A comparison of distributed hydrological models for the Boreal forest of northern Manitoba
Susilo, Gatot Eko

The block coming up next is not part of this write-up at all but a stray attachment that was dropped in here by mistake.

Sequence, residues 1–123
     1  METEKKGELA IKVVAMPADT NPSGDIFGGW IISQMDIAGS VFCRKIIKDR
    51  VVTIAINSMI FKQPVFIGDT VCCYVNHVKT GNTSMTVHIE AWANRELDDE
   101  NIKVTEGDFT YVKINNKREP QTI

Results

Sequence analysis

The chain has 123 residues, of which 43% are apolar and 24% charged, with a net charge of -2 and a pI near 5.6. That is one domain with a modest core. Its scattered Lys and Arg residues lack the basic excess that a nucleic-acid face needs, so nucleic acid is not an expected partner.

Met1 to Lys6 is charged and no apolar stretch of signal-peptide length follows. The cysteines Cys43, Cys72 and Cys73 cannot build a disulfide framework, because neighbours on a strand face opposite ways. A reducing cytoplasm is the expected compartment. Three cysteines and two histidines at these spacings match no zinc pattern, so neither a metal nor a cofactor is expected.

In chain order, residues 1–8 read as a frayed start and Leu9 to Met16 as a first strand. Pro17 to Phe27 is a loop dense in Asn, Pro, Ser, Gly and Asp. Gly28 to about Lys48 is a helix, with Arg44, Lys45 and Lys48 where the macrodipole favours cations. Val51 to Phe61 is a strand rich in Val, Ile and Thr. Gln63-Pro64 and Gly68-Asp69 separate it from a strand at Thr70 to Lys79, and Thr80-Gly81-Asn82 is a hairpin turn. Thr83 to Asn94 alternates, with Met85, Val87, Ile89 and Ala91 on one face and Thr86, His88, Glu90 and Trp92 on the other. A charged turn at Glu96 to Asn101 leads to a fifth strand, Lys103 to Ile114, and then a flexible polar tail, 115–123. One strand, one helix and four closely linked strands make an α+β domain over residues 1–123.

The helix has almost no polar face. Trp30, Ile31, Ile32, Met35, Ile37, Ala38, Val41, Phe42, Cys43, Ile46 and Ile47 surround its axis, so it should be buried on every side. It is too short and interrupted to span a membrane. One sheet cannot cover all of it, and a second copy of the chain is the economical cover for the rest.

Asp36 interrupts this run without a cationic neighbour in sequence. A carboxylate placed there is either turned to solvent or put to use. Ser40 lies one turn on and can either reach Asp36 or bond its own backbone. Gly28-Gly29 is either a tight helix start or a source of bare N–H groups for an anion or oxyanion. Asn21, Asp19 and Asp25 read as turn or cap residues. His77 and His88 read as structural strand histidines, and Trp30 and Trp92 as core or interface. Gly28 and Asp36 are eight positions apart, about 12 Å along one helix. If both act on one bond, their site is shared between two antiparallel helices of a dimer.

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This research aims to apply deterministic models in northern Manitoba in order to observe the ability and the appropriateness of the models in simulating runoff in northern Manitoba. The conceptual, deterministic models chosen for this research are the SLURP model and the WATFLOOD model. The Sapochi River Basin in the Northern Study Area of the Boreal Ecosystem-Atmosphere Study (BOREAS) is the river basin chosen as the study area for this research. Archived data for 1994 and 1995 were used to calibrate and verify the SLURP and WATFLOOD models in the Sapochi River Basin. The model is first calibrated with 1994 data and then verified with 1995 data. Furthermore, 1995 data is used as a calibration year and 1994 data as the verification year. Finally, both models are optimized on 1994 and 1995 together. The application of each model in the Sapochi River Basin produced different results with the SLURP model achieving a Nash and Sutcliffe efficiency of 80% over 1994 and 1995. WATFLOOD produces about 70% for 1994 and 1995. Parameters associated with snowmelt and slow storage are the most influencing parameters for SLURP simulations, with the latter dominating summer and fall runoff. Parameters associated with the upper and lower zone, specifically the upper zone specific retention, are the most influential on WATFLOOD simulation for this region. The northern Boreal forest region is dominated by snowmelt and slow discharge from interflow. The research also indicates that the ASA concept from the SLURP model is more representative than the GRU concept in depicting the natural condition of watershed. One ASA was sufficient to simulate runoff in SLURP adequately while a 5km x 5 km GRU was necessary in the WATFLOOD simulations.